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How Lagos govt flouted its own law in enforcing Okada ban



On February 3, commuters in Lagos wore long faces as they came to terms with the impact of the state government’s decision to restrict the movement of commercial motorcycles (popularly called Okada) and their tricycle (Keke) counterparts from major roads and highways in the state.

Hundreds of people, stranded at bus stops, were forced to trek long distances in the absence of their usual means of transport.

The Lagos State government on February 1 began the enforcement of the Lagos State Transport Sector Reform Law 2018, banning the use of motorcycles and tricycles on major highways within the state.

What the law says
The Lagos State government, under the administration of former Governor Babatunde Fashola, enacted The Lagos Road Traffic Law in 2012 which, among other things, restricted the operations of commercial motorcycles in at least 492 roads across the state. Section 3(1) of the law stated that ‘No person shall ride, drive, or propel a cart, wheelbarrow, motorcycle or tricycle on any of the routes specified in Schedule II to this law.’

There were protests to the law, followed by a massive crackdownon commercial motorcyclists in the days and weeks that trailed the enactment of the law. However, a few years later, and with another election cycle – the general elections in 2015 – in the horizon, the enforcement of the 2012 law petered out.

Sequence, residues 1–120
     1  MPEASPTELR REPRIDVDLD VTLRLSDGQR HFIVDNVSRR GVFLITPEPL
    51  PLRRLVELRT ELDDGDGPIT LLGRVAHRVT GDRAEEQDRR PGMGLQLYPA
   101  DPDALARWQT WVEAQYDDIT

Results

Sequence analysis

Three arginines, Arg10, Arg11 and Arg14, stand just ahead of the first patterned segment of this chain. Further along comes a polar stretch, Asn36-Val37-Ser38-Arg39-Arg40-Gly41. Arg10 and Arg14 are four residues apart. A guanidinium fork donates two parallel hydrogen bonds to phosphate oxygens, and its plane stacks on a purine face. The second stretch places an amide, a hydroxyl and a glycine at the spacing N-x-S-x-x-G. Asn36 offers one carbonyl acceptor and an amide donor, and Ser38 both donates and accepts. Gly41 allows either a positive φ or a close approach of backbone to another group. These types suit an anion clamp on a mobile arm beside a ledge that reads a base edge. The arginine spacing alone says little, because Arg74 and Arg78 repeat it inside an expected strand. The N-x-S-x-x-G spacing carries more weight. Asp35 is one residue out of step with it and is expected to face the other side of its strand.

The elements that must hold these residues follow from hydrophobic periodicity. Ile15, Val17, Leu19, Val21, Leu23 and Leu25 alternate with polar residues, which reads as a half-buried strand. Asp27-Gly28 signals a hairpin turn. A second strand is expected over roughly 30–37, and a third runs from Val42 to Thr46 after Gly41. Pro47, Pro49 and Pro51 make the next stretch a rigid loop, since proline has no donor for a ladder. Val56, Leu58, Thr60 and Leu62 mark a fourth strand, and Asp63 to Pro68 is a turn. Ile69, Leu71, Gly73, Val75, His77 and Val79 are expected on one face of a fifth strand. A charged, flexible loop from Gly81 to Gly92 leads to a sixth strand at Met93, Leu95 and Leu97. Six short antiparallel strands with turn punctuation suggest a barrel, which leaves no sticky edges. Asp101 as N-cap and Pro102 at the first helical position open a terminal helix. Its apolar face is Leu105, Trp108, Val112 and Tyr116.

In 2018, and in a bid to provide solution to the chaotic transportation system, the Lagos State House of Assembly passed the Transport Sector Reform Bill. The bill harmonised the Vehicle Inspection Office (offences and penalties), traffic offences and penalties, and the Lagos Bus Services Limited among others.

Three weeks later, Governor Akinwunmi Ambode signed the bill into law.

The new law has clear provisions aimed at maintaining sanity on Lagos roads and enhancing the safety of commuters. It also included punishments and fines applicable to various traffic offences.

In Section 15(1), it amended the earlier law thus: “Subject to the provisions of Section 46 of this Law, motorcycles above 200cc engine capacity are exempted from the restriction on the use of motorcycles on the state highways.”

According to Section 46(1) of the law, “As from the commencement of this Law, no person shall ride, drive or propel a motorcycle or tricycle on a major highway within the state.” It further says that any person who violates the law – the passenger is also culpable – is liable on conviction to three imprisonment and his motorcycle or tricycle forfeited to the state government.

What the lawyers say
A Lagos-based human rights lawyer, Ebun-Olu Adegboruwa, said the partial restriction on motorcycles and tricycles in some areas of Lagos state is in accordance with the extant traffic laws of the state.

“The law has been in force and what has just happened is the enforcement of the law,” said Mr Adegboruwa, a senior advocate of Nigeria.

Although the law exempted motorcycles with engine capacity of 200cc (cylinder capacity) and above from restriction, Mr Adegboruwa said there was no part of it that permits hailing bikes.

“In fact, these hailing-bike companies came after the law was promulgated, they are the ones contravening the law, it is not the law that is contravening them,” he said.

Another lawyer, Abdul Mahmud, said if the law as enacted by the Lagos State House of Assembly prevents the state government from implementing restriction around certain motorcycles with 200cc capacity, then there is a problem with the regulation.